4. When was the plugin last updated?  Another key metric, again well highlighted by the folks at WordPress is the “Last Updated” report.  A plugin that hasn’t been updated in months, or even years should be avoided, or at least used with great caution.  Some legendary plugins last for years unchanged, but you shouldn’t base a website or critical feature on an abandoned plugin.

    WordPress Directory Listing for BuddyPress showing the Last Updated time frame.

     

  5. Who created the plugin? The team (or guy/gal) behind the plugin is going to be the resource to provide updates, and tech support if needed. A company with an actual business model and staff is preferable to an independent developer who is just creating a plugin for fun. That being said, a sole engineer with multiple WordPress plugins under his/her belt, and a passion for making them better can be as good, or better than a company sourced plugin.
  6. Is the plugin compatible?.  Low on the list but certainly important is the compatibility report.  WordPress does a great job here as usual, however often times the plugin will not have enough data to make this metric very useful.  WordPress updates so often, and the base of users who report compatibility so small, that you’ll find this hard to gauge for all but the most popular plugins.
  7. How usable is the plugin?  Often times you need to actually install and use a plugin before determining this.  However, sometimes the author does a great job with the “marketing” and instructional content to enable you to get an idea of how a plugin works and looks before installing.  Often I’ll install a plugin, attempt to configure and use it and find myself frustrated or turned off by the user interface or overall experience.
  8. Is there a paid version?  This ties into #3 and a little of #5 but a paid version, or license to entitle you to updates is a good sign that the plugin authors will stick around to support their product.  Often the price is low enough, that it makes more sense to pay for the plugin, just to get priority support.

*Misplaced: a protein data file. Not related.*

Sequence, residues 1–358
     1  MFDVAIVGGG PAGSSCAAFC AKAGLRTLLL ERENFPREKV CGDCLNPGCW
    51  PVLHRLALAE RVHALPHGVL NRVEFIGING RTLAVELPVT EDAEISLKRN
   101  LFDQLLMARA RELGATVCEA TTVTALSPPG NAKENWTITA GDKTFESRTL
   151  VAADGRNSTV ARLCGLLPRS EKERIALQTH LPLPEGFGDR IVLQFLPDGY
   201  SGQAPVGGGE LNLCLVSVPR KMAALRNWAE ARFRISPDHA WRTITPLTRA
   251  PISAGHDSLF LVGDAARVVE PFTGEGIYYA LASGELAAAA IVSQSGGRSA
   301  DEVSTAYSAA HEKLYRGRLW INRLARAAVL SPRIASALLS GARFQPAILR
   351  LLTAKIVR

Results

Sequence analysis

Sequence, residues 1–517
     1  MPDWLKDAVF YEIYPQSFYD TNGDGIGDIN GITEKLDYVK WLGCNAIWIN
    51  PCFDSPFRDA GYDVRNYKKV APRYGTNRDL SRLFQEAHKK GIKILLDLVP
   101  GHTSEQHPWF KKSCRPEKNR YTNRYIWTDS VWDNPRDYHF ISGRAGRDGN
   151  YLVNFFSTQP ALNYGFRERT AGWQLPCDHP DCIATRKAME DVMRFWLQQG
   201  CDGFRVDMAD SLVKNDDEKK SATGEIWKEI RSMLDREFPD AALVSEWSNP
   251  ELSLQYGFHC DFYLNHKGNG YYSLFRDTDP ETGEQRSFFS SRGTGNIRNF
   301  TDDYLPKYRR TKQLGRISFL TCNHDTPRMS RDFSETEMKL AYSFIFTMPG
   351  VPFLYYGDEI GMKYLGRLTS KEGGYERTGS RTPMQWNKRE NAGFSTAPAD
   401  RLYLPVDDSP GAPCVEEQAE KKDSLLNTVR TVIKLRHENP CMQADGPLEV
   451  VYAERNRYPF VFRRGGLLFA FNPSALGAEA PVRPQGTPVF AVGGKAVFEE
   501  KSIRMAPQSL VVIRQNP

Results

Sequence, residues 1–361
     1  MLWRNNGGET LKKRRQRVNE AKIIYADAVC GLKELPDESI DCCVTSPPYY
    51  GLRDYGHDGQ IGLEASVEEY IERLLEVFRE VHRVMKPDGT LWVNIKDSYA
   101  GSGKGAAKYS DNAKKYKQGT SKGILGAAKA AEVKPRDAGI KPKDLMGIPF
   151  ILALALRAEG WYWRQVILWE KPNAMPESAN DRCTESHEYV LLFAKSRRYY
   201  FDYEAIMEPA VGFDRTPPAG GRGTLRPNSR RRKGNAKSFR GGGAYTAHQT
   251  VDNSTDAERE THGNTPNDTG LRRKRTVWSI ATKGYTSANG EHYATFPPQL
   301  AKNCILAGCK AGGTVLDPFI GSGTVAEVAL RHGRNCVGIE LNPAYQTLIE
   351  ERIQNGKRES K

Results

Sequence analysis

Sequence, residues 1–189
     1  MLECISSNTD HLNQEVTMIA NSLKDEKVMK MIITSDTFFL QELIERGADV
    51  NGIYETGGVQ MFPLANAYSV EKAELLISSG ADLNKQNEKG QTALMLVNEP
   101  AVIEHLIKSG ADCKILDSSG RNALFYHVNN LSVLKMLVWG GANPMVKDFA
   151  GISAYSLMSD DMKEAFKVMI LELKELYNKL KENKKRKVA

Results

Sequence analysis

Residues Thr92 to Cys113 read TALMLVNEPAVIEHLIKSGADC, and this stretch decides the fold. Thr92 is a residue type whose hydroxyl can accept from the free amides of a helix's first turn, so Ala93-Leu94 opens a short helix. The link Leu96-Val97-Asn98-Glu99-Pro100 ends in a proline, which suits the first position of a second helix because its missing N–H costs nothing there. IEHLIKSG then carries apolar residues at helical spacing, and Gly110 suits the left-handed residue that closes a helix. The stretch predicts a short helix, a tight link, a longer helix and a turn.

9. How heavy is the plugin?  Everyone loves a lean plugin but not all plugins stick to the core thing they do well.  Feature-creep is real, and a plugin that does one thing, and only one thing very well is always preferable.

Other lesser and/or more obscure criteria:

  1. Is there an alternative made by Automattic?  Automattic (the company behind WordPress) offers an entire suite of plugins (foremost being Jetpack) that might offer the features you’re looking for.  Check out their entire list by viewing their author page within the plugin directory.
  2. Could the plugin features be served by a third party?  A good example of this would be videos.  Yes you can host your own videos (HTML5 makes this super easy), and yes there exists many plugins that offer video players and more for your WordPress website.  However, with no plugins, and no additional maintenance you can host your videos on YouTube (for freee), AND get the benefit of having your videos discover-able on YouTube!
  3. Can the features of the plugin be replicated with theme functionality?  We all know that cramming PHP into functions.php is a bad idea (right?!?) but sometimes a plugin’s functionality can be duplicated using some creative theme work (you’re using a child theme right?!?) and/or HTML/JS/CSS.  Instead of a plugin brush up on your PHP and head on over to the theme codex to make a custom theme template with the features you want.